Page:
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An ethnographic study of the construction of Hawaiian Christianity in the past and the present

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Item Summary

Title:An ethnographic study of the construction of Hawaiian Christianity in the past and the present
Authors:Inoue, Akihiro
Contributors:Dewey, Alice G (advisor)
Anthropology (department)
Cultural anthropology
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Date Issued:May 2003
Publisher:University of Hawaii at Manoa
Citation:Inoue, Akihiro (2003) An ethnographic study of the construction of Hawaiian Christianity in the past and the present. Ph.D. dissertation, University of Hawai'i, United States -- Hawaii.
Abstract:The original question this study posed was, "How do contemporary Christian Hawaiians identify themselves between being Hawaiian and being Christian?" This hypothetical question is fundamentally oriented in the present. In order to find better answers to the question, however, a broader historical framework is indispensable. Therefore, the dissertation is composed of two focuses: the past and the present of Hawaiian Christianity--mainly in the Congregationalist tradition. They are separated not only by time and target of investigation but also in the analytical methods used for approaching targets. However, I attempt to present them in such a manner as to make interpretation of the past and the present resonate.

In the historical study of this dissertation, I investigate how Hawaiians incorporated Christianity in the latter half of the 19th century and how Hawaiian culture functioned in the process of incorporation. By locating two dissident Hawaiian Christian movements within a broader social context of the colonial condition, I aim to describe how Hawaiians were dealing with Christianity. Although their results were different, leaders of the two movements attempted to seize the initiative and establish sovereignty in the church. They wanted to establish a real church for Hawaiians.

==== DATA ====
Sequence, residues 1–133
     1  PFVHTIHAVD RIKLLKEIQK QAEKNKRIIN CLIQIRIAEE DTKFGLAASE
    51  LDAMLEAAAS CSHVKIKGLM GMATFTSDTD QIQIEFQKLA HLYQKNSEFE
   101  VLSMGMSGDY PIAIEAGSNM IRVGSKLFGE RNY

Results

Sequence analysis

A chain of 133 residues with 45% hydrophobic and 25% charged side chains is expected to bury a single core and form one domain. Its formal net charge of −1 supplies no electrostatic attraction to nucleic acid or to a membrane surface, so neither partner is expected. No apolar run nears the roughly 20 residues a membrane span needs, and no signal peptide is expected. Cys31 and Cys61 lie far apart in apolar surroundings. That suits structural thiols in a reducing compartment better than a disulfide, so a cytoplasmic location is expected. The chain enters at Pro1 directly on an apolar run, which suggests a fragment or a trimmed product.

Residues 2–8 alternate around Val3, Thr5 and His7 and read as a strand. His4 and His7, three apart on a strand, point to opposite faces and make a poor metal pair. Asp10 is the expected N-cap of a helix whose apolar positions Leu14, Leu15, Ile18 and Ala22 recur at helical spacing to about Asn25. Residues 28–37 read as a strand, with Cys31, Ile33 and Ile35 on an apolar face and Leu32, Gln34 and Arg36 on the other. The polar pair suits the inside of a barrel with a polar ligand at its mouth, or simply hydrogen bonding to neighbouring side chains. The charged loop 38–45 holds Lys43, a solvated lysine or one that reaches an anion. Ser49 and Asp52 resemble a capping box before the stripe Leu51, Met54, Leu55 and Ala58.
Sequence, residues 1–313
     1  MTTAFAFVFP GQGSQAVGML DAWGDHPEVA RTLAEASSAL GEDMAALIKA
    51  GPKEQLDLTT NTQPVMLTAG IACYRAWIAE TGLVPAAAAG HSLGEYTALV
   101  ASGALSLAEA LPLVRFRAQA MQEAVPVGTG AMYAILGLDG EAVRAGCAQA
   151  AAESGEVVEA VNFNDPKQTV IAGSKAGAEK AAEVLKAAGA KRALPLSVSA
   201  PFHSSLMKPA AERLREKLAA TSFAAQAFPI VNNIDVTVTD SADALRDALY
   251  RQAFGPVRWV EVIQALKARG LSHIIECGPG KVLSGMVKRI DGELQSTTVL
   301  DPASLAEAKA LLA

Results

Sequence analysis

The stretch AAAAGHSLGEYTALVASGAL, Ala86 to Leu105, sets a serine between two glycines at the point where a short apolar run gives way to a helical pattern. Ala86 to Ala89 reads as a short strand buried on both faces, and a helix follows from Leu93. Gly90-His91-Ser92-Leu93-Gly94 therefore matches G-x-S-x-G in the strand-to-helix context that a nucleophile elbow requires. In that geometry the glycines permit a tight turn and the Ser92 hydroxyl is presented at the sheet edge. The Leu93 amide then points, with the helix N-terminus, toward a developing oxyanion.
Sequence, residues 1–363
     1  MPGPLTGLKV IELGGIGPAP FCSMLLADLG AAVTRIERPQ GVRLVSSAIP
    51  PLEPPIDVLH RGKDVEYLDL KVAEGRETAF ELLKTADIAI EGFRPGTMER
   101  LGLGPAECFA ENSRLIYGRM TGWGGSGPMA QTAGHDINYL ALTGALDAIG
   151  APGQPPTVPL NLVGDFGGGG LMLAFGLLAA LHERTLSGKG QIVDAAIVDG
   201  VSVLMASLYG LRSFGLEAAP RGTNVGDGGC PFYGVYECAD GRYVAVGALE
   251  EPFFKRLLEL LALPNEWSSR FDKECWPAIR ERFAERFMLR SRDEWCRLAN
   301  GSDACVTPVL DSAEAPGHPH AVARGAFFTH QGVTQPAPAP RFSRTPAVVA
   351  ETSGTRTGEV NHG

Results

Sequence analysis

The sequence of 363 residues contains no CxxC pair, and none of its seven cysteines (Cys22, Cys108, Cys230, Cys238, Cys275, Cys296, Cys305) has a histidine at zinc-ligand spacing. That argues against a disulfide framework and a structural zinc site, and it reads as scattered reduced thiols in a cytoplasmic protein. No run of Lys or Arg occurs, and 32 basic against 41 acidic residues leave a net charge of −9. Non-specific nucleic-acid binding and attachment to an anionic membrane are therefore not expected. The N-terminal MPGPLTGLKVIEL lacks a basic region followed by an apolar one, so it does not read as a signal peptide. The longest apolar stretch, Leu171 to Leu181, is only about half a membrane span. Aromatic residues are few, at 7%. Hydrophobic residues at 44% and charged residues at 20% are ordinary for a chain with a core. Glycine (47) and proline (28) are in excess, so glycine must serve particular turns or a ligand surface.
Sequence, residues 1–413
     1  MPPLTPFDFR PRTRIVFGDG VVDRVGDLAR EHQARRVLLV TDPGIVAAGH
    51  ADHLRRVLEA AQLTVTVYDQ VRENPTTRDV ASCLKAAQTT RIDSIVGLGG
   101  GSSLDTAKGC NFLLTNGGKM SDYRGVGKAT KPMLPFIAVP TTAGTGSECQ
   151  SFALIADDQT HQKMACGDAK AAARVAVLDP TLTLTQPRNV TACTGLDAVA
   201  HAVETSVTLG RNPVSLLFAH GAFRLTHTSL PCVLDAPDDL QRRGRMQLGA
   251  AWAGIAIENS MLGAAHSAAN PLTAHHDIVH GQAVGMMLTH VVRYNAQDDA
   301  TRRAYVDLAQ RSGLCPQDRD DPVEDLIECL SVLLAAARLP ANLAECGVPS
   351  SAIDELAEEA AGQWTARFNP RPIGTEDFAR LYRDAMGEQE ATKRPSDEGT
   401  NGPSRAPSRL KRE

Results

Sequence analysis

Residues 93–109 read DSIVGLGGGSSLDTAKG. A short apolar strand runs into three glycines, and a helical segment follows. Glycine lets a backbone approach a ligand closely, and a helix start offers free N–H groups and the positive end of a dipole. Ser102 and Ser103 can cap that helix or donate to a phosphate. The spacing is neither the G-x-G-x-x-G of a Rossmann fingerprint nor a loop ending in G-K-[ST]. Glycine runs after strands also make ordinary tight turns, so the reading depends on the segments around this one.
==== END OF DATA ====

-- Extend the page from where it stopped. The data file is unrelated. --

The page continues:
In the study of contemporary Hawaiian Christianity, I investigate how Christian Hawaiians are constructing their identity and faith. Through examining their narratives on how they deal with Hawaiian traditions and Christianity, I show how their identity and faith are diversely constructed but loosely unified under the problem that originally brings about diversity. I also point out that Christian Hawaiians are facing difficulty in the process of establishing Hawaiian Christianity because of the post-colonial condition, in which Hawaiian-ness (a symbolic complex of Hawaiian history, culture and identity) is competitively represented and has never had a fixed unitary meaning.

By juxtaposing the past and present of Hawaiian Christianity, I argue that Hawaiian-ness can serve not only as a problem but also as a catalyst when constructing Hawaiian Christian faith in the present. As a post-colonial problem, the relation between culture and faith becomes a significant issue for Christian Hawaiians, who desire to make Christianity Hawaiian.
Rights:All UHM dissertations and theses are protected by copyright. They may be viewed from this source for any purpose, but reproduction or distribution in any format is prohibited without written permission from the copyright owner.
Appears in Collections: Ph.D. - Anthropology
Anthropology Ph.D Dissertations

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